The above not withstanding, very few small farmers in Liberia use any form of chemical pest/disease management due to cost, absence of credit and in many cases lack of local availability. Where they use plant protection chemicals, it is frequently indiscriminate due to lack of application knowledge and ignorance of it impacts on the wider environment and human health. The awareness and use of the Integrated Pest Management (IPM)17 is virtually non-existent.
However, the fact that most small farmers do not currently use chemical plant protection chemicals and that these are costly inputs should be seem as potential opportunity to promote the use of IPM techniques during the project implementation, though it must be recognized that where pest and diseases are in epidemic proportions (as Black Pod and Swollen Shoot are in Cocoa) this will be a Herculean task requiring extensive and intense eradication. Regardless, a concerted effort should be made during the implementation to convince the farmers of the economic and environmental benefits of the IPM.
Pest Management and Pesticide Use Policy/Strategy
The general pest control objectives are to:
Control, and/or eradicate and maintain good surveillance of the major economic pests whose outbreaks are responsible for large-scale damage/loss to agricultural production.
Provide protection to man and animals against vectors of deadly diseases.
The pest management methods should be a mix of the following:
Mechanical Methods: Hand picking, digging, trapping;
Biological Methods: Use of parasites and predators, NPV, Bt, etc.
Chemical method: Use of eco-friendly and bio-friendly insecticides, fungicides and pesticides.
Pest Management Plan
This pest management plan has been prepared as part of the ESMF in the context of the Liberian Small Holder Tree Crop Revitalization Support Project with proposed funding by The World Bank
This project has been prepared to support the rehabilitation of smallholder rubber, oil palm, cocoa and coffee farms throughout Liberia. The strategy is to provide loans and expertise to farmer organizations to initially clear the underbrush and prune their existing tree crops and provide limited inputs to increase production insitu, and later to clear and replant their farms to increase production with new stock and additional inputs as necessary.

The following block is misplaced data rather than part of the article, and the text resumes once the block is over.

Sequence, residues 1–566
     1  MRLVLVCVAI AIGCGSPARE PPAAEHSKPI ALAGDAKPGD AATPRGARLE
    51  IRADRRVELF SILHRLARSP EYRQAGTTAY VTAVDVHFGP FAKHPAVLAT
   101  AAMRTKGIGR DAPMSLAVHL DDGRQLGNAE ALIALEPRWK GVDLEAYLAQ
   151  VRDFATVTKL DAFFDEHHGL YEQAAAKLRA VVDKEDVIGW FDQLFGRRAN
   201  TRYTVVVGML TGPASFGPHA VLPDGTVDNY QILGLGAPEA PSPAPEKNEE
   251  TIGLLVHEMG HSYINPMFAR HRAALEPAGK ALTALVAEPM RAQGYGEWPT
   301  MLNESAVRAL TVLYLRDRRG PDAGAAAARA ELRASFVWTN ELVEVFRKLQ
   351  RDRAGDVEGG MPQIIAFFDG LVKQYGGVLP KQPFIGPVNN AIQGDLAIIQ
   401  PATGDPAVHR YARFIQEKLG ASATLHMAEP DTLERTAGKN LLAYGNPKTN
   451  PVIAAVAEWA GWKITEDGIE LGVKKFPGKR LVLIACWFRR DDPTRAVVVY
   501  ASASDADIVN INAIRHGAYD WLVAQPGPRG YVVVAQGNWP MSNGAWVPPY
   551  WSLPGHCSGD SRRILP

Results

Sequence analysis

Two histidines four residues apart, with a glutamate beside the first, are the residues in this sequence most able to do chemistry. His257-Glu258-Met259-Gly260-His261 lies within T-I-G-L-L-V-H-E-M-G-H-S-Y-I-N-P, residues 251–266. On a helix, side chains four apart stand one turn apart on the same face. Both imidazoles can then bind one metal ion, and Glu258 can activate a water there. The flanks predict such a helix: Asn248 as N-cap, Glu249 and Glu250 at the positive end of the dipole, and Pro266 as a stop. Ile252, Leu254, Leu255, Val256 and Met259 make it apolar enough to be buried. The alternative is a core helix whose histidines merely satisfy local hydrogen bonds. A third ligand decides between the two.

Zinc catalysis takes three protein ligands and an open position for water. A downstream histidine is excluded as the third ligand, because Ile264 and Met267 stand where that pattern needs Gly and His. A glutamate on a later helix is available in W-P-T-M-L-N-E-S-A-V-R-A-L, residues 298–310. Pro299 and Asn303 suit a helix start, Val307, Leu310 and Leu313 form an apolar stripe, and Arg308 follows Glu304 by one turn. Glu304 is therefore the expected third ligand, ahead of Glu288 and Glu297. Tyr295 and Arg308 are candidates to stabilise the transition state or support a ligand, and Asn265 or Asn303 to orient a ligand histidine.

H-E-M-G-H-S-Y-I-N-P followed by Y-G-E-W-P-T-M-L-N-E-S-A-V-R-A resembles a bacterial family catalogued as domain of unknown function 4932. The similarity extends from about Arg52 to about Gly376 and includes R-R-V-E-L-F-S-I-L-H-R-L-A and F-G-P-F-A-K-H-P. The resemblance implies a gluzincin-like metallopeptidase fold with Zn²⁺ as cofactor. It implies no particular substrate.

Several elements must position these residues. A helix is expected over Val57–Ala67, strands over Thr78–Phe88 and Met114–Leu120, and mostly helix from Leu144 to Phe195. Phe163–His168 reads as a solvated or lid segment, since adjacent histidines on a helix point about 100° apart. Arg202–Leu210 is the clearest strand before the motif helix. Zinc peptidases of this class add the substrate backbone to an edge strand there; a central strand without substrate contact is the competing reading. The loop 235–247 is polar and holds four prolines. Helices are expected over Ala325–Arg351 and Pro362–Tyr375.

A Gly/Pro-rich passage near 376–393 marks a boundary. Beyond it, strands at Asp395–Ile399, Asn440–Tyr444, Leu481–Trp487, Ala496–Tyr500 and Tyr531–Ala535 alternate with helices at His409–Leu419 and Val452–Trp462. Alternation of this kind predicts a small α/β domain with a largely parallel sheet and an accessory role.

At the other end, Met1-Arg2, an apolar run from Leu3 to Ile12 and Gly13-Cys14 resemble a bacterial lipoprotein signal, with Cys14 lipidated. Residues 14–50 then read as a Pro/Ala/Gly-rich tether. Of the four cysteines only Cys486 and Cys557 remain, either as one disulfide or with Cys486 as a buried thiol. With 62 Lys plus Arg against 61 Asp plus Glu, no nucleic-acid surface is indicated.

Included in the proposed revitalization program is the use of agro-chemicals to control pests and diseases. It will be up to the farmer organizations to decide the amount and type of insecticides, pesticides, etc. and the application equipment, thus part of the rational for this management plan is to provide guidance. Currently farmers use little or no agro-chemicals so it is expected that the loan support will lead to an increase in the use of agro-chemicals. Such an increase of pesticides uses could potentially be harmful to both the environment and public health. In accordance with the World Bank safeguard policies (OP 4.09 pest management) this pest management plan has been prepared to ensure that future sub projects do not engage in unsafe pest management.
The objective will be that the type of insecticides used should:
have negligible adverse human health effects.
be effective against the target species.
have minimal effect on non-target species and the natural environment.
take into account the need to prevent the development of resistance in pests
The methods, timing, and frequency of pesticide application should such as to avoid or minimize damage to natural enemies, as well as for personnel applying them.
The objectives of this plan are:
to assist the country to develop its regulatory framework and build capacity within its institutions to promote and support safe, effective, and environmentally sound pest management;
provide collaborative linkages between the project and international IPM18 groups to assist in the development of a national IPM policy, to strengthen national and local capacity to address pest problems faced by STCRSP farmers, to encourage national and local compliance with international conventions and guidelines on pesticides, and to further develop IPM through awareness of resources developed elsewhere;
provide an information basis for stakeholder groups to establish functional mechanisms enabling farmers to identify, understand and manage pest and vector problems in the rehabilitation of their agriculture production, reduce personal and environmental health risks associated with pesticide use, and protect beneficial biodiversity such as natural enemies of pests and pollinators;
assist farmers to understand and respond to the external IPM environment the affect their livelihoods (For example, stringent minimum pesticide residue levels that limit the potential for farmers to benefit from international trade opportunities);
promote participatory approaches in IPM for farmers to learn, test, select and implement “best-bet" IPM options to reduce losses due to arthropod pests, diseases and weeds.
promote biodiversity monitoring to serve as early warning systems on pest status, alien invasive species, beneficial species, and migratory pests.
enable the STCRSP project to monitor pests and disease vectors and mitigate negative environmental and social impacts associated with pest/vector control in the tree crop sector;